U.S. v. Comstock, USSC No. 08-1224, 5/17/10
The federal scheme for detaining the equivalent of ch. 980 sexually violent persons beyond release date from federal prison, 18 U.S.C. § 1848, is a valid exercise of Congressional authority under the Necessary and Proper clause. In reaching this conclusion, the Court “assume(s), but we do not decide, that other provisions of the Constitution—such as the Due Process Clause—do not prohibit civil commitment in these circumstances.” Some highlights:
Second, the civil-commitment statute before us constitutes a modest addition to a set of federal prison-related mental-health statutes that have existed for many decades. …
Here, Congress has long been involved in the delivery of mental health care to federal prisoners, and has long provided for their civil commitment. …
… Aside from its specific focus on sexually dangerous persons, §4248 is similar to the provisions first enacted in 1949. Cf. §4246.In that respect, it is a modest addition to a longstanding federal statutory framework, which has been in place since 1855.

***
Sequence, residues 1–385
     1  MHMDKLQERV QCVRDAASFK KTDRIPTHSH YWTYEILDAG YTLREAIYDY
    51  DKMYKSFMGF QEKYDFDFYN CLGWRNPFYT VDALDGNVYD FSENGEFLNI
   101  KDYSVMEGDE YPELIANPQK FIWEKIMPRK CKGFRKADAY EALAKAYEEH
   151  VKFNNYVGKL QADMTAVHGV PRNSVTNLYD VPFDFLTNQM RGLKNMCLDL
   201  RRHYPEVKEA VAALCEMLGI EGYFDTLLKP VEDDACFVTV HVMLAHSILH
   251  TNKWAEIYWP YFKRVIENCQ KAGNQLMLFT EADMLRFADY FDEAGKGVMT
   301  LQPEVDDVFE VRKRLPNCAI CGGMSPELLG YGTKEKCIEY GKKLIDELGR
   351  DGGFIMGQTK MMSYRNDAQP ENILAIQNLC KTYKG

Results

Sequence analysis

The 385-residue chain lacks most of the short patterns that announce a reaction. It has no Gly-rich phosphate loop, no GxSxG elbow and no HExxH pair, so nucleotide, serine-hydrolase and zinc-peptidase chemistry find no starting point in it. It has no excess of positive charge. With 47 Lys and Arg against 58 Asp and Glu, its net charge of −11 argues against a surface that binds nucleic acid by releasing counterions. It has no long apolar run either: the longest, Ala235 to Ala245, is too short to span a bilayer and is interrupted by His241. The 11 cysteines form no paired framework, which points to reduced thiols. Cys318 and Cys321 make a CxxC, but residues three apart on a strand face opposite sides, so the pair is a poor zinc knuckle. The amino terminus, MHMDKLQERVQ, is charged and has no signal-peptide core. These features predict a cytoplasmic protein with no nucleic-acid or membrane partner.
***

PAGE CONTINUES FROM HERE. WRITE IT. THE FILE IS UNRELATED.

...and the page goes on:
Third, … If a federal prisoner is infected with a communicable disease that threatens others, surely it would be “necessary and proper” for the Federal Government to take action, pursuant to its role as federal custodian, to refuse (at least until the threat diminishes) to release that individual among the general public, where he might infect others (even if not threatening an inter-state epidemic, cf. Art. I, §8, cl. 3). And if confinement of such an individual is a “necessary and proper” thing to do, then how could it not be similarly “necessary and proper” to confine an individual whose mental illness threatens others to the same degree?
Yeah, a communicable disease is exactly the same as a made-up “mental illness.” Just call the scheme what it is, preventive detention; now, that would be the “necessary and proper” thing to do.